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Asian Noodle & Sushi makes a splash

Did you know that sushi, like many other great foods, originated as a byproduct of preservation methods? Fish was packed in rice, where the lacto-fermentation of the rice prevented spoiling of the fish. Of course, the process has evolved over time. Vinegar aided then replaced fermentation, and modern refrigeration changed the world.

It was nearly 20 years ago, in this very community, where I had my first sushi experience. Here is how that conversation went:

Me: Sushi? Isn’t that raw fish from the ocean?
Friend: Yeah, but it’s cool…totally fresh. 
Me: How fresh can it be?  We aren’t exactly near any ocean. 
Friend: Yeah but it’s frozen and shipped here. 
Me: I thought you said fresh?
Friend: Frozen, fresh; same thing… just try it.

So off we went to Miko’s, a place a few of you may remember. It was Japanese and Korean cuisine, maybe even a little Thai influence. My friend started me slowly, California and Philadelphia rolls; nothing raw right out of the gate. Plenty of soy sauce, wasabi and ginger; bad habits I still employ today.

Champaign-Urbana’s food scene has grown a bit since then, and so too has the popularity of sushi. It turns out all sushi is frozen at some point; a process necessary to kill parasites. Additionally the fishing boats are often days from the pier so processing occurs out to sea and the fish is flash frozen to -76 degrees F. This deep freeze kills the parasites and prevents oxidation of the blood, the usual culprit for that “fishy” smell. WARNING – only saltwater fish should be used for sushi! Freshwater fish carries parasites that survive freezing, and they can kill you. So don’t think you can “make your own” from the local streams or ponds.

Asian Noodles & Sushi offers a similar fusion experience, albeit more casual than Miko’s used to be, combining Chinese and Japanese menu items. They offer all-you-can-eat sushi ($22 per person). The meal offers miso soup, seaweed salad, and sweet breads, though we were given crab Rangoon instead. Seaweed salad is never on my list of must haves, but the miso soup was rich and flavorful. I also enjoyed the Rangoon, but saw these items as a distraction to the main event. Perhaps also as a way to reduce appetite and consumption of sushi. Regardless my wife and I still managed to throw down four rolls: spicy tuna, yellowtail, tempura shrimp and the Dinosaur roll. All in all, we both left feeling satisfied and at about half the price of previous sushi dinners.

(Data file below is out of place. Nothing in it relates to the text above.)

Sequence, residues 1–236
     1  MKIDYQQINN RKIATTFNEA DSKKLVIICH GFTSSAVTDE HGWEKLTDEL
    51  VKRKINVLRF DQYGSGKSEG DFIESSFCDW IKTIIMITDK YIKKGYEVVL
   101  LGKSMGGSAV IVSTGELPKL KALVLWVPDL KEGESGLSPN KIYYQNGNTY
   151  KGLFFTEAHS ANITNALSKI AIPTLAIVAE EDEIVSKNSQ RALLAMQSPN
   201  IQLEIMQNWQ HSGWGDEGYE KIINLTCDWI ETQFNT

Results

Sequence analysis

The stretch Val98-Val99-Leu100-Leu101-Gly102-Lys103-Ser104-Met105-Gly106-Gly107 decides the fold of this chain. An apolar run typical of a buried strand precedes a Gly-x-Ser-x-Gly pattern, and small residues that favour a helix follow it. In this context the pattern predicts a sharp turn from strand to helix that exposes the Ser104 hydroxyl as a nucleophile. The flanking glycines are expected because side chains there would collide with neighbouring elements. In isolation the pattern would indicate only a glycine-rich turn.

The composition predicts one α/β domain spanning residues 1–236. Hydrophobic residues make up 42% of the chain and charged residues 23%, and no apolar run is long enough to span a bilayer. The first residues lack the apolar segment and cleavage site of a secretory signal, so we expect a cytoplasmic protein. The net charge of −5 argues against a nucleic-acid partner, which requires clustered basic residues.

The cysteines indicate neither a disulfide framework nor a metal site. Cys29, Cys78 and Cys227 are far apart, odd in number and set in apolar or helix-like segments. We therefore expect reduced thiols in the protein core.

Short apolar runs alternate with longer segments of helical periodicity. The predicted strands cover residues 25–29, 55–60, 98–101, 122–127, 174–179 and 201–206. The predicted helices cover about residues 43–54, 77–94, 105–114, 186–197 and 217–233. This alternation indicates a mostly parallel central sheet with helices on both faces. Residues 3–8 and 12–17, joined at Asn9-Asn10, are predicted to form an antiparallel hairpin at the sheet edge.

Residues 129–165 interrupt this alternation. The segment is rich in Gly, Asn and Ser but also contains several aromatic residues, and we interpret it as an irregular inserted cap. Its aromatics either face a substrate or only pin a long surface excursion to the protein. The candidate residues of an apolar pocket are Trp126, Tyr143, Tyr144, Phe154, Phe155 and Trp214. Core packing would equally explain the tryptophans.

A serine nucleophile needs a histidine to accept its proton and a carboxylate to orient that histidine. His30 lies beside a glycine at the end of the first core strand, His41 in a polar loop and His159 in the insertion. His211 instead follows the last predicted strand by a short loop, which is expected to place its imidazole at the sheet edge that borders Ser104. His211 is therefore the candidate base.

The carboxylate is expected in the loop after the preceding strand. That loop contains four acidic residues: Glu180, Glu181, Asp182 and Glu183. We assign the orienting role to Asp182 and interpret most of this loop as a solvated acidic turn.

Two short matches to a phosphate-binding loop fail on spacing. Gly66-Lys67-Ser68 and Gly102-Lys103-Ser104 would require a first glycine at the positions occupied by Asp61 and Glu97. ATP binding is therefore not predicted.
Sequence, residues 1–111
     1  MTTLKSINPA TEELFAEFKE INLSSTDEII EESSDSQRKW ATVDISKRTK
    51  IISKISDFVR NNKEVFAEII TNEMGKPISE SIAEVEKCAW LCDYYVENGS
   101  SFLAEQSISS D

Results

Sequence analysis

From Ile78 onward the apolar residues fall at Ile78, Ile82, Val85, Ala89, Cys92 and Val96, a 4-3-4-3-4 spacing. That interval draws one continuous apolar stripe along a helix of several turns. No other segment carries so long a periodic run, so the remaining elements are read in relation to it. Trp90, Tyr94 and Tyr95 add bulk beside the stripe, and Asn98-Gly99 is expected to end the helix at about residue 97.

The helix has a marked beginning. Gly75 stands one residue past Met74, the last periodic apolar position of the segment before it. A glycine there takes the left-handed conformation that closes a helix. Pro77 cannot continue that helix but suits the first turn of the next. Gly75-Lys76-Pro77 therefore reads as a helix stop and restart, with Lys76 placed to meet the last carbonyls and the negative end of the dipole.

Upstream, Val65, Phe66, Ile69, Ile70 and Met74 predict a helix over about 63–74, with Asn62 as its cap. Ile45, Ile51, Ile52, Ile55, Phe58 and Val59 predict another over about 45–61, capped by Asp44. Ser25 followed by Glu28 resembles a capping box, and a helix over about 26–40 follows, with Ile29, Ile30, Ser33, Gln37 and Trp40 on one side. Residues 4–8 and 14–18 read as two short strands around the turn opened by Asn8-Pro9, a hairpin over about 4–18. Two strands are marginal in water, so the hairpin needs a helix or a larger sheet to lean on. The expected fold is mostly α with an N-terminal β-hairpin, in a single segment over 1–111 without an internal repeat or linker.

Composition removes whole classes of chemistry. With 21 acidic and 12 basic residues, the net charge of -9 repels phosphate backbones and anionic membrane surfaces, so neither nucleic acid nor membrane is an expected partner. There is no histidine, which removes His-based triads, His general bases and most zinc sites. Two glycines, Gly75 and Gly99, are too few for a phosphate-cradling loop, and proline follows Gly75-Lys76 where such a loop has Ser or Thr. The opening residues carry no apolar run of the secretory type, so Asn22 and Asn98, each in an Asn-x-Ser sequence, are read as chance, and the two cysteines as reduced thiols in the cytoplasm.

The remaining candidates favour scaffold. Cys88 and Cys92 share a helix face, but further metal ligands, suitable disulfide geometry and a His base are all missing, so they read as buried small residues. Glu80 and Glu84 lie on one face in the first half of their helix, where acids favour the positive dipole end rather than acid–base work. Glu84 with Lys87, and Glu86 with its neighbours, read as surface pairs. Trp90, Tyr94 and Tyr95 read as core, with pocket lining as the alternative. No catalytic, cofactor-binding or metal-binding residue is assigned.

Leaving I had the impression they used a little extra rice in the rolls to fill you up more quickly. After my first trip I wanted to know if the rolls would be prepared any differently when ordered a la carte. The sushi roll menu is pretty standard, covering the basics with prices from $6 to $11 per roll. There is also a price discount for ordering two and three orders. There was no sashimi to speak of and the nigiri was limited to tuna, salmon, shrimp and yellowtail. This is understandable in an all-you-can-eat environment. It should also be noted that the all-you-can-eat comes with a caveat: If you order a bunch of sushi pieces or rolls and don’t eat them, you will be charged again at menu prices. I have seen this before at all-you-can-eat sushi bars before. I believe this is entirely fair and discourages wastefulness but I didn’t have any leftovers so I’m not sure how this is policy is enforced, nor do I know how they handle carry out of leftovers – not that leftover sushi is something I would be interested in.

My second trip was during lunch and I had hoped to try something from the noodle menu, but alas I was seduced by my question from above and approaching the limit after sampling the spring rolls ($4) and gyoza ($6), both of which were quite tasty. The gyoza (8 pieces) came with the standard dipping sauce (rice vinegar, soy sauce, red pepper flakes, garlic, ginger, green onions, and sesame oil), but it was the sweet and sour sauce with the spring rolls (4 pieces) that stole the show for me.

Back to my question: is a la carte prepared any differently than all-you-can-eat? My gut says yes but I have no hard evidence so you will have to judge for yourself; maybe I’ll remember calipers next time. Perhaps you can also try the noodles when you go; it looked like an appropriate and hearty meal for a cold and windy day. All in all, the place was nice and the staff was friendly and attentive. If you ever dined at Yellow Fin, the décor did not change, but you will get real chopsticks not disposable ones. A nice touch, I thought. I should also mention they deliver in a 4 mile radius.

Asian Noodle & Sushi
305 W Cedar
M-F 11 a.m. to 1 a.m.
Sa 11 a.m. to 10 p.m.

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